The use of mediation has grown exponentially in recent years in courts, agencies, and community settings. Yet the field of mediation still operates to a considerable extent on folklore and opinion, rather than reliable knowledge. Mediator attempts at persuasion are pervasive in a wide variety of mediation contexts, yet "persuasion" is, for some, a pejorative word and a contested norm in the field. Perhaps as a result, there has been little, if any, evidence-based writing about what kinds of persuasive appeals might be effective in mediation, how they might operate, and how they might be experienced by disputants.
In an effort to begin to fill that void, this article examines empirical research findings on persuasion from such diverse fields as advertising, public health, communications, politics and race relations. It focuses on studies of both indirect or behavioral approaches to persuasion (role reversal, apology, group brainstorming) and different types of direct persuasive appeals (questions vs. statements, more vs. less explicit statements, use of "negative" emotions such as fear and guilt, and sequential vs. straightforward requests for concessions). As almost none of the empirical work on persuasion has involved dispute resolution, the article raises questions about how these social science findings might apply to the work of mediators.
Some of the research findings described in this article are unsurprising, while others may challenge common assumptions. Where the research appears at odds with conventional mediation wisdom, the authors discuss its potential implications for ongoing philosophical and skills-based debates in the field. Of particular note, the literature canvassed in this article may cast new light on old debates about facilitative versus evaluative mediation, and the importance of mediators having substantive, as well as process, expertise.
Suppose that a law-trained mediator is mediating an employment discrimination dispute. The 59-year-old plaintiff alleges that she was first passed over for a promotion in favor of a younger male, and then fired six months later from her office manager position because of age and gender discrimination. The company, a manufacturer of seamless gutters, denies the charges, claiming in its answer that the plaintiff was laid off because of economic exigencies caused by the poor housing market. Although her prior work evaluations were all good and there have been several provable incidents of sexist workplace remarks by supervisors, the plaintiff’s case is anything but a slam-dunk. For one thing, she made a scene in front of her co-workers when she was passed over for promotion, referring to her supervisors in ways that even she now concedes were “unprofessional.”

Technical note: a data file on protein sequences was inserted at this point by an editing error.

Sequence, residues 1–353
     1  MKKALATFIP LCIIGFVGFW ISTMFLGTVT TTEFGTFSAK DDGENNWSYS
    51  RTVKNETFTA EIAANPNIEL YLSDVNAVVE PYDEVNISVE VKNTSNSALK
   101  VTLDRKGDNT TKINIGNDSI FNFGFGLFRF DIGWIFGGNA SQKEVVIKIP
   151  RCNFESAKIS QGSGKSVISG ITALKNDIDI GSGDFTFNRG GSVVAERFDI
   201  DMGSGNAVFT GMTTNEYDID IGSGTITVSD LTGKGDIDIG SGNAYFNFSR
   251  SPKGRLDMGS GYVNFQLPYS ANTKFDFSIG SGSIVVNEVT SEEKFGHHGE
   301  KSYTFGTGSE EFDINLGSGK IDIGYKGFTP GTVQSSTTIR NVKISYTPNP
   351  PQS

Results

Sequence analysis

Both sides are represented by counsel at the mediation, which has been in progress for more than six hours. After an initial settlement demand of $200,000, a lengthy and heated factual exchange, and a wide variety of non-evaluative mediator interventions, the parties seem tired, angry and are still $45,000 apart. The parties’ attorneys have vastly different assessments of the strength of the plaintiff’s case, in large part because they disagree about whether the episode in which the plaintiff publicly “disrespected” her supervisors will be admissible as evidence. The plaintiff’s attorney argues that this episode is irrelevant and inadmissible because the defendant stated, in its answer to the complaint, that “purely economic considerations” prompted the company’s actions. Calling this “hyper-technical,” the company responds that a host of job performance factors–including the plaintiff’s mercurial temperament and expressions of job dissatisfaction–were part of the “economic considerations” that led to its decision to let her (and not someone else) go.
Persuasion: Questions vs. Statements
The mediator is almost sure that the plaintiff’s position on this question is incorrect because a recent Court of Appeals decision rejected a similar argument (although there is a slight chance the case could be distinguished). She also thinks that persuading the plaintiff on this point–or at least creating some doubt in her mind–is crucial in bridging the bargaining gap. To succeed in doing so, she is considering two approaches:
(A) Telling the plaintiff and her lawyer that their argument is very likely a losing one. (“From where I sit, this incident will almost surely come into evidence. And, if it does, you’re looking at a greatly weakened jury appeal in these tough job times.”)
(B) Asking the plaintiff and her lawyer questions, including rhetorical questions if necessary, that suggest the legal risks of their position. (“Aren’t you concerned about the recent Court of Appeals decision?”…Hmmm…. But if the incident does come into evidence, what will that do to your chances?”)
If you prefer alternative (B), you have lots of company. The technique of persuading by asking questions is deeply rooted in Western rhetorical tradition. Many mediation theorists echo this view. For example, Professor Lela Love, in discussing the mediator’s duty to assure that participants are making fully informed decisions, has written that “asking questions [regarding possible legal outcomes] comports with the mediator’s role, but giving or suggesting answers does not.”[i]
Why do many mediators prefer asking to telling when trying to persuade? For some, questions feel less argumentative or pressuring than statements, and more consistent with norms of mediator neutrality and party self-determination. Some fear that making statements about probable legal outcomes is tantamount to giving legal advice, which they view as inconsistent with the mediator’s role. Asking questions may be attractive to some as a way to sow doubt without having to make definitive predictions in an unpredictable legal world. Still others assume that questions, rather than statements, make the subject more likely to engage with the message and/or less likely to resist it.